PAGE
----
Published December 6, 2015

LaTeX is an awesome tool. It allows writing well-formed documents with no efforts. You can manage your references, your bibliography, your acronyms and a lot more.

It's really hard to illustrate LaTeX, try to find out why by searching "latex" in Google image :-)

LaTeX installation

There are two different ways to install LaTeX. First, the basic installation with nothing more than the few main packages. LaTeX is a modular system, each functionality is in a package and you can install them separately. But it's a lot of pain to fix compilation issues when some package is missing and it's really time-consuming. On the other hand you can install the full LaTeX pack. It's the LaTeX compiler with every well-known packages so it's really big (a few Go). The choice of one method over the other is just about the size of your disk.


Language specific typography

LaTeX will take care of adding typographical spaces where needed. It's really useful, especially in language like French where you need to add thin non-breaking spaces before a lot of punctuation signs.


LaTeX can be really useful with images, except the verbosity of the code.

  \caption{Title of the image.}

To include an image, you need to use the \includegraphics command with some options and the name of your file. To provide a title and a label (useful for references), you need to wrap the image in the figure environment. Finally, you need to specify the \centering command because it's not the default in LaTeX.

One thing to know with LaTeX is you don't have a lot of control about where your image will be rendered: it could be just after the text, just before or two-page away. It's an advantage because you don't have to bother about the placement of your pictures and it forces you to use the good practice of referencing all your pictures in your text (use "figure 2.1" instead of "below" or "right after"). The main problem here is when you have highly visual documents with figures not only here to help the comprehension of your text but also with a real meaning. It can be annoying to switch between pages to read the document. In these cases, LaTeX may not be the most suitable tool to write your report.


One of the most useful feature of LaTeX is the references. It allows you to add labels in your text and use them to link to some parts of your document. LaTeX will replace the command \ref{a label} with the according number of the chapter, section or figure. If a label is missing, you can easily find it out looking for ?? in your PDF (or in the ugly LaTeX logs ^^). Of course, every reference is a real link in the PDF to jump to the referring section. If you add a chapter, every reference stay up-to-date without any modification.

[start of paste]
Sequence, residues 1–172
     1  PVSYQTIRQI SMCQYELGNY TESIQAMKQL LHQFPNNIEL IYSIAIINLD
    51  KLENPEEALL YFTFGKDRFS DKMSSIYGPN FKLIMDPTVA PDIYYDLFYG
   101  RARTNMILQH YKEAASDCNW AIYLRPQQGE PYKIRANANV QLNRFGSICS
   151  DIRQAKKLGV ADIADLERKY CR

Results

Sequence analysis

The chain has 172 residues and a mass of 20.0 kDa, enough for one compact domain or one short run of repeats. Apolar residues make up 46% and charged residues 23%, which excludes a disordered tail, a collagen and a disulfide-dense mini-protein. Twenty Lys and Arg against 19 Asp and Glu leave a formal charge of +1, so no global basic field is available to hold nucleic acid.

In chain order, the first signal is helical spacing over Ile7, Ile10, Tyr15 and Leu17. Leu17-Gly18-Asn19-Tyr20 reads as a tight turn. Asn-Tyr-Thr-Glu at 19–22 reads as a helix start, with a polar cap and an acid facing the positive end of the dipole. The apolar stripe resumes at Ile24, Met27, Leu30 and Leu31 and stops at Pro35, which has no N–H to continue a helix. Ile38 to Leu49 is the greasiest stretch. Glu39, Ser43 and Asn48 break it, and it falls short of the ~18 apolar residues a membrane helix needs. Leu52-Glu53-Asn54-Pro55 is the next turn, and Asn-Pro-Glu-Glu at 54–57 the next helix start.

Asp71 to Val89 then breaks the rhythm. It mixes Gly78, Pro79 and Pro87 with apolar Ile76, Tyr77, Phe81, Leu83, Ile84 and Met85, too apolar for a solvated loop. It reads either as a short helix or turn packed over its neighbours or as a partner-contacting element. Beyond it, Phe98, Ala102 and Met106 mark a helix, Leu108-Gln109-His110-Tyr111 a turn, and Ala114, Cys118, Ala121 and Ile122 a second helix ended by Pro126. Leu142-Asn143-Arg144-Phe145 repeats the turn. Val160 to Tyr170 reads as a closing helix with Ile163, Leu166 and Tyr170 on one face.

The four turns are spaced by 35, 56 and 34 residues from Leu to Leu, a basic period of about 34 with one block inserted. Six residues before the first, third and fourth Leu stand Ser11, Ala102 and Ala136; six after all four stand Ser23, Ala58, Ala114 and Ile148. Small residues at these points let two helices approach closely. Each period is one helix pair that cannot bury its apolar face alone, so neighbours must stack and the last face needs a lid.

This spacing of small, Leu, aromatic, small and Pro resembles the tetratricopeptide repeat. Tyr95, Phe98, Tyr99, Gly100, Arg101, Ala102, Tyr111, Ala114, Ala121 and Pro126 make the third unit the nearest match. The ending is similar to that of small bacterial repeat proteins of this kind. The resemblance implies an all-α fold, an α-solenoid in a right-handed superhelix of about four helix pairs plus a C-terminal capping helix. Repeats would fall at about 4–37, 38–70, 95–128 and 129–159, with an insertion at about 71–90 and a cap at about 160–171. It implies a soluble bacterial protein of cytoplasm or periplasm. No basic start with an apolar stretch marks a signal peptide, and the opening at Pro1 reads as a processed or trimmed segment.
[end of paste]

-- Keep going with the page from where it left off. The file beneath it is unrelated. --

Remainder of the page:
Bibliography and glossary

Who never run into this problem of unused abbreviation or bibliography? LaTeX can help you in these cases. For the bibliography, you just need to specify all your sources and then use them in the text. BibTeX will take care of everything else.

  author = {Thibaud Dauce},
  title = {Write well-formed documents with LaTeX},
  howpublished = {\url{}},
  month = {December},
  year = {2015},

This is an example of entry in a BibTex file. You can use this entry in your document with the \cite command, for example:

Thibaud thinks \LaTeX is awesome \cite{documents-with-latex}.

If one of the entry of your bibliography is not used anymore in your document, it will not be printed at the end. The same concept works with the glossary. You just need to define all your acronyms and definitions:

\newacronym[longplural={Frames per Second}]{fpsLabel}{FPS}{Frame per Second}

and use it:

My camera is recording at 30 \glspl{fpsLabel}.

If it's the first use of the acronym, LaTeX will show the full name and after that he'll use the acronym only in the document. A lot of options and configuration are available in the documentation.

Syntax highlighting

You can use the Python package pygments and the LaTeX package minted to add syntax highlighting in LaTeX. To use it, you need to install pygments:

yaourt -S python-pygments

Then you can compile your document with the -shell-escape flag to allow the LaTeX compiler to run system commands and that's it!

LaTeX generator

I recently discover there was a Yeoman generator for LaTeX named generator-latex available on Github. The source code is a bit old and I didn't use it yet on a real project but it seems promising. The creation of the LaTeX boilerplate can be really long and I often copy paste old projects. This generator could be really awesome. It includes grunt, a NodeJS build tool to compile the project each time there is a modification on files and a live-reload of the PDF in the browser.


It was a really just an introduction to all the features available with LaTeX. Write documents with LaTeX is harder than in Markdown or in LibreOffice but it brings a lot of very useful features.

The compilation logs of LaTex are awful but the documentation is really great with a lot of examples and explanations.